Data shows that, in fact, customers who return products may be amongst your best. Some studies report that customers who return products using free shipping may spend as much as 450% more than other consumers.

3. Setting up a good returns policy

Having a clear, easy to read, and thought out returns policy shows that you have confidence in your goods (or your suppliers’ goods). Be sure to include guidance on acceptable return condition and quality. Put your policy in a visible place – either a click-through or a banner at the bottom of the webpage.

Consider offering free return shipping – many customers expect it and ease of return is a pre-purchase factor that can sway a ‘buying’ decision. If you do offer free shipping on returns, advertise it.

4. Above and beyond attitude

Providing your purchasers with a seamless and happy returns experience will set you apart. Be flexible on item returns – let customers return goods to a local store if you have one, and keep them informed about the status of the item return.

5. How to minimise returns

A lot of returns are for mostly administrative reasons. Here are some of the most frequent return reasons and tips to reduce the number of returns your business handles.

Product is different than description, item quality or fit is an issue

  • Host high-quality product images, such as 360 degree images or instructional videos
  • Provide detailed product information, such as size guides or conversion charts
  • Use virtual planners or wardrobes to let customers “see” how the product looks and fits

Incorrect item dispatched

  • Review your inventory control data handling system
  • Check the right information is being sourced from the correct locations and being sent to the appropriate shipping partner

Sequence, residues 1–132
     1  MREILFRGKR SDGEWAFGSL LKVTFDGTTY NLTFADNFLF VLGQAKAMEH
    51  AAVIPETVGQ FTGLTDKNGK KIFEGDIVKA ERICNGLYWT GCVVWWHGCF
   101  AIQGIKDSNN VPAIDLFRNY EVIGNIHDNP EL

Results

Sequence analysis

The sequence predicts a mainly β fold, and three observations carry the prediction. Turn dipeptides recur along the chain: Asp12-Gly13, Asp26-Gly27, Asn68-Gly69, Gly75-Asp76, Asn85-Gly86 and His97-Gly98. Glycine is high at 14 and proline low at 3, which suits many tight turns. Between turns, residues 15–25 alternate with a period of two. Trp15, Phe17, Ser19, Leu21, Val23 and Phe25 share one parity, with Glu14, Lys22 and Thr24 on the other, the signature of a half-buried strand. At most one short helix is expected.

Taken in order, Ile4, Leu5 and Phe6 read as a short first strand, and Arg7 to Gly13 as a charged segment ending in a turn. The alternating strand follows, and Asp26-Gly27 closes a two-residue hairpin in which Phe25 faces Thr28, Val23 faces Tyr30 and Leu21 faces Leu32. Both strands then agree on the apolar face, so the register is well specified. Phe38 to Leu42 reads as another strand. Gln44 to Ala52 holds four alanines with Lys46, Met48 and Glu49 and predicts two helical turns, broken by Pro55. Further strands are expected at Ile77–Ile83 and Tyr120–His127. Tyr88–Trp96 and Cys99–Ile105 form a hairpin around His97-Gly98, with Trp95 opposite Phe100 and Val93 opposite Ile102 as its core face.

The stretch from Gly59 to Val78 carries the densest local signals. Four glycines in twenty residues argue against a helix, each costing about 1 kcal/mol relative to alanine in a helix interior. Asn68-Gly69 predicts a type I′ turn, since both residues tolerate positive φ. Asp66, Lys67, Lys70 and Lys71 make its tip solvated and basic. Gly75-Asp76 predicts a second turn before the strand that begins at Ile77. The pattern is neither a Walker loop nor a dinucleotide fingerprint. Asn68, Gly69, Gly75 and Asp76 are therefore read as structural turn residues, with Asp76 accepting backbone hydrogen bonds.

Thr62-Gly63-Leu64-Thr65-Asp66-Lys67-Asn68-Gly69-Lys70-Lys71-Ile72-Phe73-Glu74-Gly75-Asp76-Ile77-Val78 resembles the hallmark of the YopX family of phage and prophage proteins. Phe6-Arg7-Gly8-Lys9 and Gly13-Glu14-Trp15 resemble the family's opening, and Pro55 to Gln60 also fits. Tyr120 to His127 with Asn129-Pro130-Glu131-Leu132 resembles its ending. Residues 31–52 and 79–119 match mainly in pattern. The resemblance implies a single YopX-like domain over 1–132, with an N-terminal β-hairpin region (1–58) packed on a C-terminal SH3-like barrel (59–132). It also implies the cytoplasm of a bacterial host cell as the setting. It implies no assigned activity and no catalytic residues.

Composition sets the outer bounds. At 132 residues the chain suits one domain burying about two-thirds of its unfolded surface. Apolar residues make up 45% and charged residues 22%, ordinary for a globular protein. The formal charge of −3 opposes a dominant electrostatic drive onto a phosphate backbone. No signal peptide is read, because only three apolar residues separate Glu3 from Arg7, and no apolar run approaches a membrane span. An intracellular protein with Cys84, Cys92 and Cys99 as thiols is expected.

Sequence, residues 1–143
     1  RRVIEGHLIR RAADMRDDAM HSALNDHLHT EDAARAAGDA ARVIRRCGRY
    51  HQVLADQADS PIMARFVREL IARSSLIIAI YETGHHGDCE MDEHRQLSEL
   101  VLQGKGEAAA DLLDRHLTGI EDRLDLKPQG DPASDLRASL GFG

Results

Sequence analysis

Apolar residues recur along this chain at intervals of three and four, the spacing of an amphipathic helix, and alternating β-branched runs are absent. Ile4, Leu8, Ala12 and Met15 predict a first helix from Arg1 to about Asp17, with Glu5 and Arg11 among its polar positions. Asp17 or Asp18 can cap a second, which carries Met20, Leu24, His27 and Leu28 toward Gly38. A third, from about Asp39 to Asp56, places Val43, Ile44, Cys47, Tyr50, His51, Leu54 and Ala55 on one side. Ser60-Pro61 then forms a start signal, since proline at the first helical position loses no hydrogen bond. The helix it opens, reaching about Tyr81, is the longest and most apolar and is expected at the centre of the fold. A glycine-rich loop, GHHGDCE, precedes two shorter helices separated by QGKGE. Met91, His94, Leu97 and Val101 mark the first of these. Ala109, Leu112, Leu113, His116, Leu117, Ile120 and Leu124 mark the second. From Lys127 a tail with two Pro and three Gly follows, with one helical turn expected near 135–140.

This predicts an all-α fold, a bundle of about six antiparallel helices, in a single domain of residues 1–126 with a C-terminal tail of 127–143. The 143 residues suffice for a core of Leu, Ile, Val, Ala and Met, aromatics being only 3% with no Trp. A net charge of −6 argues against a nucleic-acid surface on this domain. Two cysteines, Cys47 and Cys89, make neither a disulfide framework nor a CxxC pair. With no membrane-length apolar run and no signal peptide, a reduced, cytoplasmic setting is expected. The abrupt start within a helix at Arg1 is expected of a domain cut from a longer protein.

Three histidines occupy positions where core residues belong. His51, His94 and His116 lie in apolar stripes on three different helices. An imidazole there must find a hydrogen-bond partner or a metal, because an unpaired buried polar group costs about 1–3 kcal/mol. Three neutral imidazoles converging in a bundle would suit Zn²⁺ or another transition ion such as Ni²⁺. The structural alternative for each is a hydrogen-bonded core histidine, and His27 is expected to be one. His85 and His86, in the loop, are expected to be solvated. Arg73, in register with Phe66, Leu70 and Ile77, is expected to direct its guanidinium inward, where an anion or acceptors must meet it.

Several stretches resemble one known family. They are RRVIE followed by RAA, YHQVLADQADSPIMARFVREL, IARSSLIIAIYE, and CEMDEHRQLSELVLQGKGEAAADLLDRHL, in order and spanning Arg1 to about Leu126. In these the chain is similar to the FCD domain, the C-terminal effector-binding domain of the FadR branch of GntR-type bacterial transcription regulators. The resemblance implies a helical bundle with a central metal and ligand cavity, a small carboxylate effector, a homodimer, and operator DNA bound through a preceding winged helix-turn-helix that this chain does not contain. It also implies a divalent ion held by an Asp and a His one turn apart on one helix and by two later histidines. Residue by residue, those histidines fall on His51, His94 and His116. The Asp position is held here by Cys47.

Product damaged in shipping

  • Check in with your dispatcher to see whether products have suitable protection layers for transit

6. Local laws and refunds

Don’t forget, local consumer laws will also most likely require you to accept returns and offer refunds. Ensure you’re meeting the minimum legal requirements.

7. Streamline with RFID tags

RFID tags can simply be scanned, and the process is done automatically, taking away the burden of manually processing inventory stock. A new sales tag can then be attached, and the product can be back onto shelves in a timely manner.

Having each tag scanned during each phase of the supply chain allows staff to know the history of an item. This streamlines a retailer’s back-end processes and can prove whether the product was paid for. It will also show the price paid to be sure discounted items are not returned for a higher price. This option is a big step to decreasing return fraud.

There are benefits beyond reducing returns as RFID tags help to make inventory control much easier. Instead of manually sorting boxes and piles of products, they can be scanned quickly and efficiently. Time can be saved on both ends of the process.

Since maintaining a hassle-free return policy has become the standard operation for most retailers, having better inventory control and an inventory management system that can track important data is important. Good inventory management solutions will give you the option to maintain additional inventory stock levels that mirror your return rates.

Additionally, you can monitor the reasons for returns and address issues to reduce the rate of returns, helping to maintain customer satisfaction. Inventory control is a core part of any retail business and should be able to account for product returns. By using a solution that provides sellers with real-time data about their inventory stock, sellers will be better positioned to deal with products as they return. As much as a business doesn’t want customers returning products, customers equally don’t want the returns process to be difficult. Inventory control helps you manage the customer experience when it comes to product returns management.

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Melanie - Unleashed Software

Article by Melanie Chan in collaboration with our team of Unleashed Software inventory and business specialists. Melanie has been writing about inventory management for the past three years. When not writing about inventory management, you can find her eating her way through Auckland.